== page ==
Sunday, June 17, 2001

Carroll makes his pitch to NASCAR boss




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        SPARTA, Ky. — Brad Paisley sang Saturday night for a crowd of 70,338 and a target audience of one.

        “Someone asked me, "I thought you don't like country music,'” Kentucky Speedway chairman Jerry Carroll said. “I said, "I don't, but Mike Helton does.'”

        Pleasing Helton, the NASCAR president, was Job One at the Outback Steakhouse 300. It was also Job Two. So long as Helton controls scheduling for Winston Cup racing — the major leagues of stock car competition — his wishes will be Carroll's commands and his whims will be instantly indulged.

        When Mike Helton says, “jump,” Jerry Carroll asks, “Which bridge?”

        Carroll treated Helton's brief trip to the track
Saturday with the deference due a visiting head of state. Helton's private plane was met by a helicopter, and Speedway executive Lisa Wilson was appointed as his personal tour guide. Carroll hoped to present Helton with a rare bottle of wine and an understated (for him) sales pitch. His post-race plan was to seek Helton's input on what he might improve.

        No amount of groveling is too much when a Winston Cup race is at stake. With a season that now spans nine months and 36 races, the lucrative circuit is already stretched near its limits. The proliferation of new tracks and the ambitions of old operators has made the competition for dates as keen and cutthroat as “Survivor.”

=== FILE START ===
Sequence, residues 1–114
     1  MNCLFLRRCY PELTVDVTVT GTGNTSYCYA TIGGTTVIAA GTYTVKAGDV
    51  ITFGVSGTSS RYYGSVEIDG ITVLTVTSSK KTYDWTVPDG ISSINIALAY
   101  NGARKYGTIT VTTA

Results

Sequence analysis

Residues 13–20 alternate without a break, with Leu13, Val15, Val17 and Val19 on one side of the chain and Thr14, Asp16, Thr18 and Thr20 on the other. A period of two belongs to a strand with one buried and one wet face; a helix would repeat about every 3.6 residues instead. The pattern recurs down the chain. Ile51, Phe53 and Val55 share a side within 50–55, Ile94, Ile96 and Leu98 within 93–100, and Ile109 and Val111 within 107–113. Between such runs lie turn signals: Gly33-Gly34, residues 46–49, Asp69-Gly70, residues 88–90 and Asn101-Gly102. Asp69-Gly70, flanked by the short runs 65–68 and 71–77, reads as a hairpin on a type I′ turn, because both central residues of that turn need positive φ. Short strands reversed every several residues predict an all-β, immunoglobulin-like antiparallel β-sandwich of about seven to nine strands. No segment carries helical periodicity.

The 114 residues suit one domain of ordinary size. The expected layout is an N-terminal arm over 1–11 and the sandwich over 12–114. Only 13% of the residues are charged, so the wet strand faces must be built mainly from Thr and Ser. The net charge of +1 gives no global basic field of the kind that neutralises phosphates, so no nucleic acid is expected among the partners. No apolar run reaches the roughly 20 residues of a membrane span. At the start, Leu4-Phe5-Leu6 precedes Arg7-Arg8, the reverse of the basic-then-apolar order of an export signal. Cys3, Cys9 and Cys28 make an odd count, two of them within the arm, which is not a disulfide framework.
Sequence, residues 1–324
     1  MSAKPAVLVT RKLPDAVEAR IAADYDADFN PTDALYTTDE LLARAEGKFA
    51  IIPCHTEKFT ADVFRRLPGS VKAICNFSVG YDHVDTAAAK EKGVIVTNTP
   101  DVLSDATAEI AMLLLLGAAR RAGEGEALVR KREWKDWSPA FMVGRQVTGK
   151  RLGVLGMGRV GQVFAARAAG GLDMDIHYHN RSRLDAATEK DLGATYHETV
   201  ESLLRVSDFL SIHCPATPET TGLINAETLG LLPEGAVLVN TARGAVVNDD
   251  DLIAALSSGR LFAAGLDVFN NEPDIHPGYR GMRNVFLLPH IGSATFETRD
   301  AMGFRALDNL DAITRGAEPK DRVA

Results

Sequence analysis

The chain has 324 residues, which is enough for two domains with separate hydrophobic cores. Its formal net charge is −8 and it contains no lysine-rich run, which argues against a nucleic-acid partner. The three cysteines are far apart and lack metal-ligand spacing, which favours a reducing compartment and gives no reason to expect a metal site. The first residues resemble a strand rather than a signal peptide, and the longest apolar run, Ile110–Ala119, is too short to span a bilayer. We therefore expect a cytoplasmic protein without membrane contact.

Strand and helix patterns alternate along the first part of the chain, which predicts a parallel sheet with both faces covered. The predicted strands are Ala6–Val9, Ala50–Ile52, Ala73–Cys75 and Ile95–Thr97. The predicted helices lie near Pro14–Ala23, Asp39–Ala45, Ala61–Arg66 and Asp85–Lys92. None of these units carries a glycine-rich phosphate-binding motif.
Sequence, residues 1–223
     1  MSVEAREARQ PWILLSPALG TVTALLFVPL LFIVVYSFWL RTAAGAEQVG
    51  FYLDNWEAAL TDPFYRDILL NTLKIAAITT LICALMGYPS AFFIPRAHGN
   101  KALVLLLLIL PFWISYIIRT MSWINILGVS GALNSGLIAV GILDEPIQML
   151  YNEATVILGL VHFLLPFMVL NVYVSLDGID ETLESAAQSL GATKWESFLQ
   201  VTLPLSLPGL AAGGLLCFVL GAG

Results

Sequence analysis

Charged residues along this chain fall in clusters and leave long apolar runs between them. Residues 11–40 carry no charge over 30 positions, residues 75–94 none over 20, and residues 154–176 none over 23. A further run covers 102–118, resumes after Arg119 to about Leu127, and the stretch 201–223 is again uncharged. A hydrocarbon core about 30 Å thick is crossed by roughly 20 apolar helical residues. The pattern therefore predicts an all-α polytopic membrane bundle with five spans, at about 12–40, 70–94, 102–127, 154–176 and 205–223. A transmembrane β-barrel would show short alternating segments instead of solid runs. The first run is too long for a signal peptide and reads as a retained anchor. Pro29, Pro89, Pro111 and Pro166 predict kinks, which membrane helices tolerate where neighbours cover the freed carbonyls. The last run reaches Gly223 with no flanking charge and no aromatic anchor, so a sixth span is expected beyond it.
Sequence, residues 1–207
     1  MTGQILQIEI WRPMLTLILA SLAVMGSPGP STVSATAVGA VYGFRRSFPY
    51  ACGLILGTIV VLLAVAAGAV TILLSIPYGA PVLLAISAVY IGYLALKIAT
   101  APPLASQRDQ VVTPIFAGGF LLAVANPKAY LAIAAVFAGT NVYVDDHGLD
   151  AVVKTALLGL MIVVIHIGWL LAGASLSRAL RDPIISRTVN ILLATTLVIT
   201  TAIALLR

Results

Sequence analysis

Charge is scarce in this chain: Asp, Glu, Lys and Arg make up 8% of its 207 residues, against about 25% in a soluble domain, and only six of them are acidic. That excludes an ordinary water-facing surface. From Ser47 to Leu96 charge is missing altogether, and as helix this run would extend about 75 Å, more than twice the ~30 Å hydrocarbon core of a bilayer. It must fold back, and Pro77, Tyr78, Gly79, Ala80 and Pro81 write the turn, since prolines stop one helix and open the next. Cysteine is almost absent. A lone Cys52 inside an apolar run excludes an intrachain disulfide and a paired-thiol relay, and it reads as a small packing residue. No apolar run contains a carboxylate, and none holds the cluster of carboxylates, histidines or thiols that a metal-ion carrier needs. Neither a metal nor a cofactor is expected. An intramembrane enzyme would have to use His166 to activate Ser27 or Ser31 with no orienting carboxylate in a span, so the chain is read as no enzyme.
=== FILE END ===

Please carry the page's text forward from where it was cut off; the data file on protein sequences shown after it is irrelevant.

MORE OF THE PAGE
No promises made

        With a capacity crowd, a healthy purse, a modern plant and improved parking, Kentucky Speedway made a powerful case for Winston Cup consideration Saturday night. The Outback 300 was fairly tedious — just two lead changes in 200 laps — but Helton would be hard-pressed to find prettier packaging.

        How much does that matter? Hard to say. Helton's considerations are so complex, and racing politics so peculiar, that there is no way of telling when NASCAR might give Kentucky Speedway the green flag for Winston Cup.

        “They don't promise you anything,” said Darrell Waltrip, the retired driver who serves Carroll as a consultant. “They don't guarantee you anything. If anything, they discourage you.”

        NASCAR must grow to satisfy Wall Street, but it is reluctant to uproot races from the older tracks that formed its foundation. A team of Bear Stearns analysts recommended last month that the races should be reallocated; that the circuit reduce its regional concentration in the Southeast; that the Martinsville, Pocono and New Hampshire tracks be stripped of one of their two races.

Change is possible

               Currently, NASCAR's 36 points races are divided among 23 tracks, with 12 of the races concentrated in the Confederate corridor between Richmond and Atlanta. Loyalty is a great virtue, but logic says it's time to spread out to new markets.

        Since NASCAR only awards races on a one-year basis, change is certainly achievable. Helton hinted, however, that it is not imminent. Much as Carroll covets a Winston Cup race for 2002, he recognizes 2003 might be more “realistic.”

        “If NASCAR had a clean sheet of paper to start with, and with the support and enthusiasm that exists today, there's no question that things would be different,” Helton said Saturday. “But that's not the case. We've been mindful of still wanting to grow the sport, but keeping ourselves attached to what got us here.”

        Jerry Carroll is advised to keep groveling.

        E-mail tsullivan@enquirer.com. Past columns at Enquirer.com/columns/sullivan.

Kentucky Speedway special section



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